A doctor at Cigna comes clean about insurance company denials.

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If you ever wondered why clean claims get denied, a doctor shows us what is wrong with insurers who will do almost anything to increase their profits. The mantra of deny deny deny is alive and well in our insurance system.

I tell our patients, fight for what you believe you are owed.

I recently had the situation with my own insurer, Horizon for a colonoscopy that was supposed to be covered 100% for preventative care. They covered the facility and procedure but the anesthesia was billed against my deductible. I called and they reviewed it and sent the claim to be corrected. Hopefully, this only required one phone call. Doctors who work in this system like me also have the same problems with insurance our patients experience.

Our staff is constantly calling insurers that pay slowly or make obvious mistakes in an already over complicated system. Numerous calls to correct mistakes made by electronic systems designed to make mistakes are the norm. Often, persistence pays off. When it doesn't, patients are asked to do their part otherwise, they will need to pay the bill themselves.

Patients don't trust the system and I cannot blame them, but our office does their best to go beyond the call of duty to help as we are able.

When the patient as the subscriber calls and complains, insurers are often more helpful in resolving a problem, although, it is not unusual to be misinformed by the insurance staffer as well. If the plan is self insured with a large company, often a call to HR may be the only way to solve this and in our experience, often can.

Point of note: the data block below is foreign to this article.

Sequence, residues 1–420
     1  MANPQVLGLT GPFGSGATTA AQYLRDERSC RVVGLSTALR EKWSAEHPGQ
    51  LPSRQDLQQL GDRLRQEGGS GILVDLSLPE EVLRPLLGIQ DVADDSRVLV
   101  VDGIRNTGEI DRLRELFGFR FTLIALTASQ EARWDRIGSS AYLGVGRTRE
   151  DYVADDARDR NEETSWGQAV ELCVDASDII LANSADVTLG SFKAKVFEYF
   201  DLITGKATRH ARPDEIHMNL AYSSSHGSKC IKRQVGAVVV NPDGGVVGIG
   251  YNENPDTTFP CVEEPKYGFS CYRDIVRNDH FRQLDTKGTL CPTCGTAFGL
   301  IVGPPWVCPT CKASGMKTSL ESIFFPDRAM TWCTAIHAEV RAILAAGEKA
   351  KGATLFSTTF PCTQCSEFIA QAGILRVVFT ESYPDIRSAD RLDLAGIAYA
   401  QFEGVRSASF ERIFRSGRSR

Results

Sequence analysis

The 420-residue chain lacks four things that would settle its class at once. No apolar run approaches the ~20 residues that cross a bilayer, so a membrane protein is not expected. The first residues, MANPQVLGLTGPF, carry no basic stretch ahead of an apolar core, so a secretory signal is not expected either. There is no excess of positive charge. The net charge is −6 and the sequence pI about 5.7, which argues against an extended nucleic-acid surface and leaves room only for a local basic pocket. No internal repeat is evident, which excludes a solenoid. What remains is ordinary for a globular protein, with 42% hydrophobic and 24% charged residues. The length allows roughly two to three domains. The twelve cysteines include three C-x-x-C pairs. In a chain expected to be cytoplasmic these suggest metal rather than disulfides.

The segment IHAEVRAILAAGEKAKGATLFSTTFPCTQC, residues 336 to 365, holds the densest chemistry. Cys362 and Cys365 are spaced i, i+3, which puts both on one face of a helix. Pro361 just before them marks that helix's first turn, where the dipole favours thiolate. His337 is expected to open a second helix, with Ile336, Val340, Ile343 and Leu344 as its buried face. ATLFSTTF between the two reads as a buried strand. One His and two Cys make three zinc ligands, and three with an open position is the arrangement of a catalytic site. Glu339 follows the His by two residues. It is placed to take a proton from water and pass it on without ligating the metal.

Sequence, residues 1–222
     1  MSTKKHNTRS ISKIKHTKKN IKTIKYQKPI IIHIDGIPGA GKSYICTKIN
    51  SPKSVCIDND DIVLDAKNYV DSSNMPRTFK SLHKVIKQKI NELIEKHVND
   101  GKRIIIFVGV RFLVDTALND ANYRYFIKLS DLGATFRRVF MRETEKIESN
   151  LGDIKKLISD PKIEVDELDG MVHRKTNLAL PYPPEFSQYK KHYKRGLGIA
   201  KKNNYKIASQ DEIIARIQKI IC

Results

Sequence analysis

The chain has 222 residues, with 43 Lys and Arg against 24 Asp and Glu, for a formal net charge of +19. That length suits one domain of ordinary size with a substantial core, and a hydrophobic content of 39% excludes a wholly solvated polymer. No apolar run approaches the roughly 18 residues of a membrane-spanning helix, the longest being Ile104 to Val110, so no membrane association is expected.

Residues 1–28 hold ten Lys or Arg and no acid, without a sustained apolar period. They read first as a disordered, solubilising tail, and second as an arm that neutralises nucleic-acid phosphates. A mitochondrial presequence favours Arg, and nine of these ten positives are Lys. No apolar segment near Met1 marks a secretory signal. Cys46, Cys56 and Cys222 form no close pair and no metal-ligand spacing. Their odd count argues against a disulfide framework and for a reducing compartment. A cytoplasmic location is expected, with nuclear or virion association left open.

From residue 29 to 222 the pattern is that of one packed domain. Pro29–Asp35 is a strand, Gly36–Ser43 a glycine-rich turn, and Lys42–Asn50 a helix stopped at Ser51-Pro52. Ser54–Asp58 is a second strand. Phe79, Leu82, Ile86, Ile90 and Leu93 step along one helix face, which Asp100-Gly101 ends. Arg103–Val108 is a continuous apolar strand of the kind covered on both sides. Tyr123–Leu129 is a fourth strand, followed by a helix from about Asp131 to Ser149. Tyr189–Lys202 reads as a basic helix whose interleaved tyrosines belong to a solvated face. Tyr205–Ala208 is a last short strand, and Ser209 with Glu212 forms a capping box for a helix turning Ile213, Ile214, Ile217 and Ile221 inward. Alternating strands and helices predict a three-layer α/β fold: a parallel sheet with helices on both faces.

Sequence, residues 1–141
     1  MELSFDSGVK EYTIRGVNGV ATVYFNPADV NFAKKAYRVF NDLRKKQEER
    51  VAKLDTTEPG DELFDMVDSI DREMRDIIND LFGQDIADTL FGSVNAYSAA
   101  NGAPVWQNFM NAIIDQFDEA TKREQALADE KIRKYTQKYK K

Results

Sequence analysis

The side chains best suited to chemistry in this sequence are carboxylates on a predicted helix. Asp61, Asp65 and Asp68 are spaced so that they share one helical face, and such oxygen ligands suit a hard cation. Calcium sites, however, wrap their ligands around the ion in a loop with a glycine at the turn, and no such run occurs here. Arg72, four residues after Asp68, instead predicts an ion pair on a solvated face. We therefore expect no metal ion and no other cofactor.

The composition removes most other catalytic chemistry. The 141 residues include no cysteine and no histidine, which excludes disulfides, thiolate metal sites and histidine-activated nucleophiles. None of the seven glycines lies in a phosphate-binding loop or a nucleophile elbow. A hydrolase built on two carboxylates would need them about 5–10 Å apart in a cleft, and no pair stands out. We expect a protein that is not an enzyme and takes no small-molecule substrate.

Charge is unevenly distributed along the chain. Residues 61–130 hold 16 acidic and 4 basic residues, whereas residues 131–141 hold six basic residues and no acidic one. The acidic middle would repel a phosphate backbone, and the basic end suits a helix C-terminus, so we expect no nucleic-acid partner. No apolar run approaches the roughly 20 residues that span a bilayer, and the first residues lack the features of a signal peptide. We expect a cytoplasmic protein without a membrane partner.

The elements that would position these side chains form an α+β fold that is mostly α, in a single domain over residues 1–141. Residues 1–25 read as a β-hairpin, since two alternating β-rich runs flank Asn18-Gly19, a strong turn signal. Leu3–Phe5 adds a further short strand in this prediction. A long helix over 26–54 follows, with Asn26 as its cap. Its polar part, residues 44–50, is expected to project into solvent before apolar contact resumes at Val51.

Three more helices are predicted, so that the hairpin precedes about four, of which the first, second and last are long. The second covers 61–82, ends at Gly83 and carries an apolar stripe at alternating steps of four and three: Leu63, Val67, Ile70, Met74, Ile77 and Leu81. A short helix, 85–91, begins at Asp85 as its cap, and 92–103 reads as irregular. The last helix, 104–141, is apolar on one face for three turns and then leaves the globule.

There are helpful resources available to patients such as filing a complaint with DOBI (department of banking and insurance). This tells the state that your insurer in your opinion has acted inappropriately and they must by law respond. This only works with fully insured plans, not those that are self insured which are governed by a different set of laws under ERISA. Half of those who work for large companies are in self insured plans.

Recently, Propublica, an advocacy organization reported on a doctor who was pressured to review cases too quickly or she would be fired.

This doctor who had worked with Cigna's reviewed many cases by nurses in the Philippines that had clear errors of judgement that probably were more about insurance company incentives.

My brother in law worked for a workers compensation company that outsourced people to the Phillipines and watched as great employees were replaced with problematic ones in other countries. While he was not a decision maker, he did watch as employees abroad made more errors and often cost more than the insurer thought, just to save a buck. As a regional manager, he was forced to lay off many great employees, only to be replaced by lower cost ones in other countries that ultimately, saved very little and increased the errors in the system.

Not long ago, Aetna did something similar in California and there are many similar stories.

Medicare Advantage plans that are inferior to regular Medicare and a secondary were shown to have been overcharging Medicare. Most patients don't realize that getting into Medicare is a way to partially escape the craziness in the current insurance system of high premiums and deductibles that often hit hospitals early in the year causing cash flow problems. This high deductible nonsense has forced patients financially to delay needed care and become more chronic. The result is higher treatment costs and they just pass it to us the following year. Why can't we expand Medicare to younger people or move toward a more Universal style system the western world already knows works best while controlling costs?

Check out the Propublica article here